Prior to the configuration, make sure that the vCenter Server (either appliance or binary install) and the vCloud Networking and Security Manager (appliance) are deployed and the primary configuration has already been completed.

Associate vCloud Networking and Security Manager with vCenter Server
  1. Open a browser and go to <http://<IP address>, where the IP address is the value previously assigned to the vCloud Networking and Security Manager virtual appliance.
  2. Log in to vCloud Networking and Security Manager, using admin as the user name and the password configured.
  3. Click the Settings & Reports tab, and select General.
  4. Click the Edit button under vCenter Server.
  5. Enter the vCenter Server’s IP Address or hostname, administrator username, and password.
  6. Check the Assign vCloud Networking and Security ‘Enterprise Administrator’ role to this user box, and click OK.
  7. When prompted with an SHA1 thumbprint security warning, click Yes.
  8. When prompted with certificate security warnings, check the Install this certificate and do not display any security warnings for vCloud Networking and Security Manager IP Address box, and click Ignore.
  9. Verify that the vCloud Networking and Security Manager is registered with the vCenter Server.
Register vCloud Networking and Security Plug-in
  1. Log in to the vCenter Server (resource group) associated with the vCloud Networking and Security Manager, using vSphere Client.
  2. From the file menu, click Plug-ins, and click Manage Plug-ins.
  3. Right click vCloud Networking and Security Manager, and click Enable.
  4. Click the Close button.
  5. Click Home, and open vCloud Networking and Security under Solutions and Applications.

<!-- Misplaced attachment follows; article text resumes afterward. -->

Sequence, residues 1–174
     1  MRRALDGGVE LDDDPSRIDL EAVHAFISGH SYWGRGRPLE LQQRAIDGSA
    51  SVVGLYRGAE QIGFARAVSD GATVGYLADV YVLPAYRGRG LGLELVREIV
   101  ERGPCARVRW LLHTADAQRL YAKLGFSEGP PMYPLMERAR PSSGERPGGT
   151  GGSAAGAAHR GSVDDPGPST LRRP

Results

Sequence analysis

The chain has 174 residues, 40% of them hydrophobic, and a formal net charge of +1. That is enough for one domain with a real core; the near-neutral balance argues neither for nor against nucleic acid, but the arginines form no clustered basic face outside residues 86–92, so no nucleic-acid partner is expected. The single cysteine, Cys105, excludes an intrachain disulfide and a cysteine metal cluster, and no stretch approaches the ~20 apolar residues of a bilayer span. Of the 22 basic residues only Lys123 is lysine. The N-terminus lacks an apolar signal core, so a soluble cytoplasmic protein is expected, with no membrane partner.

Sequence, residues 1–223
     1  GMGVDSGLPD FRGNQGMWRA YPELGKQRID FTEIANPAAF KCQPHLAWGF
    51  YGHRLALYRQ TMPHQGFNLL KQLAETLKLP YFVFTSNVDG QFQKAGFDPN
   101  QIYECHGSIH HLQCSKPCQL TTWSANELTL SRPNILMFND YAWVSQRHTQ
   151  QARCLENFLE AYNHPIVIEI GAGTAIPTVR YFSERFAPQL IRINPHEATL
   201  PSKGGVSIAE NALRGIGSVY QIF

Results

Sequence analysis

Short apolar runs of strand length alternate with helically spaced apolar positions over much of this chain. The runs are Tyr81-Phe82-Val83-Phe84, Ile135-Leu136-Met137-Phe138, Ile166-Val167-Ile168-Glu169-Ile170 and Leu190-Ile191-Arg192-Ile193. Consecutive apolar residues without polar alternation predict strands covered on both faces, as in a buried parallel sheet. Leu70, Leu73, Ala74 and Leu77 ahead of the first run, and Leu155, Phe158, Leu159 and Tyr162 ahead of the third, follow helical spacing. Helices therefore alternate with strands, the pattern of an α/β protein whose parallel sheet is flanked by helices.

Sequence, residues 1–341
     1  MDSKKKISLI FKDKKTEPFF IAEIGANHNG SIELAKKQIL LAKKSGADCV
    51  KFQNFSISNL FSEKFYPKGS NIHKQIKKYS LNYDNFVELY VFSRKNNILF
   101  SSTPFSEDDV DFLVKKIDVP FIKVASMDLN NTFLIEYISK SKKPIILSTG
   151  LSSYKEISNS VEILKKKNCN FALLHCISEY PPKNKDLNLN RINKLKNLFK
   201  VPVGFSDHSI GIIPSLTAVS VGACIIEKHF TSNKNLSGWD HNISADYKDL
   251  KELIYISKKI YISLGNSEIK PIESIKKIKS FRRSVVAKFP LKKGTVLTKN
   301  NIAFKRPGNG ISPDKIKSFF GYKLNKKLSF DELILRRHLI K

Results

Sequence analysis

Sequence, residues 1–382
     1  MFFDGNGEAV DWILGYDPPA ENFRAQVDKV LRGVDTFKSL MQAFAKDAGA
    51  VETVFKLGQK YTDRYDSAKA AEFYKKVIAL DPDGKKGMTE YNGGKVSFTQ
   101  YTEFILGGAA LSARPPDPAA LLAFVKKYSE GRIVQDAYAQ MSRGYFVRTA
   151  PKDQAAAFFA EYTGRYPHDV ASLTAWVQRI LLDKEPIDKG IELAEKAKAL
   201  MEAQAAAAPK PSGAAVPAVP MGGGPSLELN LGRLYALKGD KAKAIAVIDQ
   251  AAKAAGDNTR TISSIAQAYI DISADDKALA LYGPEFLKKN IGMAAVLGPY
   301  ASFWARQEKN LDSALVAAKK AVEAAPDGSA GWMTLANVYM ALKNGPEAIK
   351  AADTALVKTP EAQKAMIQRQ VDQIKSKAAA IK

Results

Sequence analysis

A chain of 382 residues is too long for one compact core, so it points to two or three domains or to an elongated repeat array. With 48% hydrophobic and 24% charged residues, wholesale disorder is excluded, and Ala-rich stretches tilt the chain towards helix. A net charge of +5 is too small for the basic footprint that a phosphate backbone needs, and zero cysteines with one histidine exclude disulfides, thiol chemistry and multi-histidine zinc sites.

6. When prompted with a Certificate security alert, click Yes.
Assign Segment IDs and Multicast Addresses
  1. Log in to the vCloud Networking and Security plug-in, using admin as the user name and the password configured.
  2. Expand Datacenters in the left pane and select the Datacenter.
  3. Click the Network Virtualization tab, and select the Segment ID.
  4. Click Edit button.
  5. Provide the Segment ID Pool range and multicast address range unique to this instance of vCloud Networking and Security Manager, and click OK. (For example: Segment ID Pool: 5000 – 6000 and Multicast addresses: 232.0.1.0 – 232.0.1.200)
Associate Clusters to Distributed Virtual Switches
  1. Click the Network Virtualization tab, and select Connectivity.
  2. Click Edit button.
  3. Under Use, check the distributed switch configured for VXLANs for all the clusters participating in the VXLAN configuration.
  4. Assign a VLAN ID, and click Next. (Note: For security best practices, assign a VLAN ID for the VXLAN traffic. If no VLANID is configured for VXLAN traffic, the default remains (0)).
  5. Under Teaming Policy, select Static EtherChannel.
  6. Under MTU (bytes), type 1600, and click Finish. (Note: If the guest OS requires jumbo frames, increase the frame size to at least 9000 + 50 = 9050).
  7. Verify that the Cluster Status appear as prepared and ready.
Static IP Address configuration if no DHCP available

If no DHCP Server is available on the network, perform the following steps to assign a static IP address on each ESXi host (VTEP)

  1. Click Home, and click Hosts and Clusters.
  2. Select ESXi host, and click the Configuration tab.
  3. Click Networking, and select vSphere Distributed Switch.
  4. Under VXLANPools distributed switch, click Manage Virtual Adapters.
  5. Select vmk1 port, and click Edit.
  6. Click IP Settings tab, and click Use the following settings.
  7. Enter the IP Address and Subnet Mask, and click OK.
  8. Click Close.

Finally, verify that the IP address changes on all the ESXi hosts have taken place under Preparation/Connectivity tabs on the vCloud Networking and Security plug-in.

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In the part 2, I would like to discuss about some of the most common scenarios for configuring vApps with vApp, Organization Virtual Datacenter and External networks, which can be further customized to develop various use cases:

vApps directly attached to an isolated vApp network